America is in the middle of its deadliest drug crisis ever. With all the other news going on, it can be easy to lose track of this fact. But it’s true: In 2015, more than 52,000 people died of drug overdoses, nearly two-thirds of which were linked to opioids like Percocet, OxyContin, heroin, and fentanyl.
The norms of ordinary social convention include the expectation that adults respect each other’s rights to make their own decisions and maintain their individuality, even in close relationships. The closer the relationship, the more fluid are the lines that separate us from each other. However, most people still prefer that their intimate partners allow them to retain at least some privacy.
In December 2016, the New York Times ran the headline, “Drug 85 Times as Potent as Marijuana Caused a ‘Zombielike’ State in Brooklyn.” The article described a “mass casualty event” in which emergency medical service (EMS) workers were called to a Brooklyn intersection to aid “multiple people” shuffling about in a confused “zombielike” state.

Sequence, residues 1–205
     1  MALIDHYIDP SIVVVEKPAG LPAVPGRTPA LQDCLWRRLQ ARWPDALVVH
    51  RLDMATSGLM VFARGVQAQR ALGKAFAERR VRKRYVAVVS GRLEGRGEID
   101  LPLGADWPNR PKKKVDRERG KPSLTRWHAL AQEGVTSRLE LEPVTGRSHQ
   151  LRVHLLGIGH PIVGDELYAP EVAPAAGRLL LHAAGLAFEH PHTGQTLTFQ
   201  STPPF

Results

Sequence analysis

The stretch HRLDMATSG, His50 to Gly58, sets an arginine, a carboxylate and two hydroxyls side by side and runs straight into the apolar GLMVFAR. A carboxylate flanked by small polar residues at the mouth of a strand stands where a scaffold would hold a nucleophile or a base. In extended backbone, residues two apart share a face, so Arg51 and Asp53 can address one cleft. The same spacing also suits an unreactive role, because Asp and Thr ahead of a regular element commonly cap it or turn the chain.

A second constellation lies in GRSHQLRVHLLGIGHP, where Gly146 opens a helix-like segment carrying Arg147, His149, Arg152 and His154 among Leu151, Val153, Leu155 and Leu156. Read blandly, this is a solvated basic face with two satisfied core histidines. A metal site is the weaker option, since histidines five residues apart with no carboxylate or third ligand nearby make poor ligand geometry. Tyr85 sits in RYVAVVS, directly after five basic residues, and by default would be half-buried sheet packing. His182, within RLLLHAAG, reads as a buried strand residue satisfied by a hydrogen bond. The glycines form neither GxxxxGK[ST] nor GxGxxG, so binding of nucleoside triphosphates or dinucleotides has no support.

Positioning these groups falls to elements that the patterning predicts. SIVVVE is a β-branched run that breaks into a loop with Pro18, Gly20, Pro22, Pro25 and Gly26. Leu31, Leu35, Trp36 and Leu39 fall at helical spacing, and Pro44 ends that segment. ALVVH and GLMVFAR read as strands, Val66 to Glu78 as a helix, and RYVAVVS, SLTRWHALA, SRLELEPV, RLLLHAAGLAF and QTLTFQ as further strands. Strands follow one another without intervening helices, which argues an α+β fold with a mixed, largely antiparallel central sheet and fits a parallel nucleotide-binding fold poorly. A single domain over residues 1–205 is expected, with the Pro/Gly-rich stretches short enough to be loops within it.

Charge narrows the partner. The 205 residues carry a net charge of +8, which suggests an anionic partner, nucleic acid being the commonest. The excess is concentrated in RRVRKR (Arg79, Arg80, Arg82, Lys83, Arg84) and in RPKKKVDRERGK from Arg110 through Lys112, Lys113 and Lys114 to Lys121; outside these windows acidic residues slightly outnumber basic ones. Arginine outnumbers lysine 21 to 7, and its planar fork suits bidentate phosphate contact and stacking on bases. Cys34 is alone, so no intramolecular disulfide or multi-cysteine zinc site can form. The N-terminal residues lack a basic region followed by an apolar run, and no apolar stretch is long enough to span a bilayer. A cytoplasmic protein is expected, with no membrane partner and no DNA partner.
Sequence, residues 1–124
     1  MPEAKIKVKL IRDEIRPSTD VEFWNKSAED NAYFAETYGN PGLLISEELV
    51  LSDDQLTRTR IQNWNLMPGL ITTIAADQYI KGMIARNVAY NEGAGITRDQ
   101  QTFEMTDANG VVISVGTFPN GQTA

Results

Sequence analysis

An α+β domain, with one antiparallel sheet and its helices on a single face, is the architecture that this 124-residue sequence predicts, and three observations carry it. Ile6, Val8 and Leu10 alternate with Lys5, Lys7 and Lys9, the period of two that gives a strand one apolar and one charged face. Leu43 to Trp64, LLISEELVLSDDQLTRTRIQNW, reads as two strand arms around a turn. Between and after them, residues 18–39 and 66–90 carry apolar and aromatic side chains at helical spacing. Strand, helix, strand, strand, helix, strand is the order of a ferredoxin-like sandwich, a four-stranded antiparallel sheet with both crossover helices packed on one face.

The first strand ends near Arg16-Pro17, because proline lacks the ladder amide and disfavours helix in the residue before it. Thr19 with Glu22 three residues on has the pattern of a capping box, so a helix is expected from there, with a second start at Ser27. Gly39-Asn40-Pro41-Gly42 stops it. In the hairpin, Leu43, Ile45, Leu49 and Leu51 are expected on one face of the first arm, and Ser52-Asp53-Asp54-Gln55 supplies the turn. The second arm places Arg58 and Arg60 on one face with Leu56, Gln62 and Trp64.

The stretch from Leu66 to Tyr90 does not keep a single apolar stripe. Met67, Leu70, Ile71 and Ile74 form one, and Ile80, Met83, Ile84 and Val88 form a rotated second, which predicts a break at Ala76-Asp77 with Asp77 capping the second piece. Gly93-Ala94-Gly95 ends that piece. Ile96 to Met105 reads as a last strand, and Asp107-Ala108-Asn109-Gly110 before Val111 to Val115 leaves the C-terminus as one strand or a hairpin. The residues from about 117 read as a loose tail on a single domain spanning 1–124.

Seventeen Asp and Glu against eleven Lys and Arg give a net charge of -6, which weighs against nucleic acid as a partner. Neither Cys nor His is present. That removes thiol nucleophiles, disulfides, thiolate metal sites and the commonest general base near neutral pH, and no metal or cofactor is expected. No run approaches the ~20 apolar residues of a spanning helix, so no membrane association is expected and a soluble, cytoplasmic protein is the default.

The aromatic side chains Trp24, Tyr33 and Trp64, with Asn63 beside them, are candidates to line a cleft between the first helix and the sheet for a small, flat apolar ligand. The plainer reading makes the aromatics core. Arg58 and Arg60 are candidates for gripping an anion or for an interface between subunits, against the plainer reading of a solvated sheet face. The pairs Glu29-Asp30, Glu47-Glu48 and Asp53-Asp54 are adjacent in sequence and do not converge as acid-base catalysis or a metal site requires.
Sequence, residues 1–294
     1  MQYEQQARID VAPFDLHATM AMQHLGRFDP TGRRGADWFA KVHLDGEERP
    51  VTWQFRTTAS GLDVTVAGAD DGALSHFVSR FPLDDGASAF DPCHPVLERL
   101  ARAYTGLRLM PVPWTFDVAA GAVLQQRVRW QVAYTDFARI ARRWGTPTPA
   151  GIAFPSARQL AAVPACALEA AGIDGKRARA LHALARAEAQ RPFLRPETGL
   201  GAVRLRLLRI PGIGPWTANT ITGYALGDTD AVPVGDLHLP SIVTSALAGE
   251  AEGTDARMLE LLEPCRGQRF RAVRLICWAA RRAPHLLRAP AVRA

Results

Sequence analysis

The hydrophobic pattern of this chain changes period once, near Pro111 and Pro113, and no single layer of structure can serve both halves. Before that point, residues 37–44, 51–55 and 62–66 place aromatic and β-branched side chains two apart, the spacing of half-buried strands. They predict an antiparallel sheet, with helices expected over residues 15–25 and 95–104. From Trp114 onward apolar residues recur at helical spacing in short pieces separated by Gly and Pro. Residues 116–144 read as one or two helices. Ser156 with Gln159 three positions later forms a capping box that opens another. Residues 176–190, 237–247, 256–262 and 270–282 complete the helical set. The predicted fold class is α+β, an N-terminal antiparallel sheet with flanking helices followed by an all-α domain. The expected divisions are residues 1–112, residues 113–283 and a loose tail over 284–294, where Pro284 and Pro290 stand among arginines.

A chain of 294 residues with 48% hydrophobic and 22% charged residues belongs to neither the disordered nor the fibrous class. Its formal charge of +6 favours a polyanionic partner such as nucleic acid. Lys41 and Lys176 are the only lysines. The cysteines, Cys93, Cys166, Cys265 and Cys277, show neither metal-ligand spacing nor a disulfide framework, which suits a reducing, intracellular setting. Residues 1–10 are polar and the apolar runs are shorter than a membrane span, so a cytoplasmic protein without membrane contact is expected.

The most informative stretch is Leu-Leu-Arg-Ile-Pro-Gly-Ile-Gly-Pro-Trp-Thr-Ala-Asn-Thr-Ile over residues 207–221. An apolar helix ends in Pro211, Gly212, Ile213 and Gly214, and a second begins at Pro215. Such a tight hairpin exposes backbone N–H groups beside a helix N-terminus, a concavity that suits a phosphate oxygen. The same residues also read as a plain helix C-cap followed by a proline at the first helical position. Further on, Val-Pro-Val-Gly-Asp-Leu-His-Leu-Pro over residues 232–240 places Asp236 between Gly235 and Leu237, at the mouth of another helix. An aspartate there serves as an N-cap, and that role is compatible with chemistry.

Mike Smith, now 35, grew up around alcoholism and addiction, it was prevalent on his dad’s side of the family life, which he did not grow up around, so when he was around them he began using at twelve years old to fit in. Mike dreamt of becoming a marine biologist when he was a kid, and that dream was soon lost and replaced with using.
In a recent interview, Depeche Mode’s frontman, Dave Gahan, discussed how years ago his heart stopped for minutes after an overdose. “This was a reminder of how hitting bottom before changing is often a fallacy. Haven’t you often heard many people declare... “you have to hit bottom before you change.”